By Alex P. Vidal
HOLLYWOOD, California – A major goal of astronomy has been to determine the age of the universe. Astronomers have been forced to accept imprecise estimates because of uncertainties in the data used in their calculations, according to The Five Biggest Ideas in Science co-authors Charles Wynn and Arthur Wiggins.
According to them, one technique for making estimates involves running the expansion of the universe in reverse, as though it were a movie film.
In the reversed movie, instead of moving away from each other, galaxies approach one another. They explain that the age of the universe in this scenario is the time it takes for the galaxies to meet simultaneously, re-creating the primeval fireball.
“Assuming that the rate at which the universe is now expanding has been constant (and, thus, the rate in reversal is constant), the age of the universe can be calculated from the distances separating the galaxies now and the rate at which the universe is expanding,” write Wynn and Wiggins.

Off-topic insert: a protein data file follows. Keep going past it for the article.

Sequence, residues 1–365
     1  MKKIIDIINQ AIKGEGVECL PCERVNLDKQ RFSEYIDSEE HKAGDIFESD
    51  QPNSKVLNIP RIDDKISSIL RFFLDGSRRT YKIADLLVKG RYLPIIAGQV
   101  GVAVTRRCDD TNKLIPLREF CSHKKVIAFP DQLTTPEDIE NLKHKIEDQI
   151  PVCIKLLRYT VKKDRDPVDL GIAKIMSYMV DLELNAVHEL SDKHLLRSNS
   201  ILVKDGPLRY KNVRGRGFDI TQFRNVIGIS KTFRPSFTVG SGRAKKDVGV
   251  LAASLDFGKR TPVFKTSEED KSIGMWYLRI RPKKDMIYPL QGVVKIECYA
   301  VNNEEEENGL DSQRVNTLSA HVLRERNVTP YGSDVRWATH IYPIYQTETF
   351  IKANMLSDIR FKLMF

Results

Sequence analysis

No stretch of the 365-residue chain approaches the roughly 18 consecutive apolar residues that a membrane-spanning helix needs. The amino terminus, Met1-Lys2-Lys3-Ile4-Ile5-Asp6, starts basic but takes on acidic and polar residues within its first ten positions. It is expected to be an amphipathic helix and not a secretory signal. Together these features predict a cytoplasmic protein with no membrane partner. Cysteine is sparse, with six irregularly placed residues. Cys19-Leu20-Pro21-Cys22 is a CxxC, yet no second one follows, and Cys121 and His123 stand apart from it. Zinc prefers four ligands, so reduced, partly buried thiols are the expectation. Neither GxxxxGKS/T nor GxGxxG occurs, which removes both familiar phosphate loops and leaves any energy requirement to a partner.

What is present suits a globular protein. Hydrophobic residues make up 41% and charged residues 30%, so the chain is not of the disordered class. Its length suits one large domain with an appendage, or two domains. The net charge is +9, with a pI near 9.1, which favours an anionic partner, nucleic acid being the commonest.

According to early data, the age of the universe was estimated at 2 billion years. But this value was inconsistent with the Earth’s estimated age of over 4 billion years! Subsequent data gave the universe an age of about 20 billion years.
Recently, the previously accepted age of the universe came under serious question because of more precise data obtained from the Hubble space telescope.
These data resulted in a much lower estimated age, 12 to 15 billion years. This age has created a crisis in astronomy as earlier estimates and the theories associated with them are reconsidered in light of the new findings.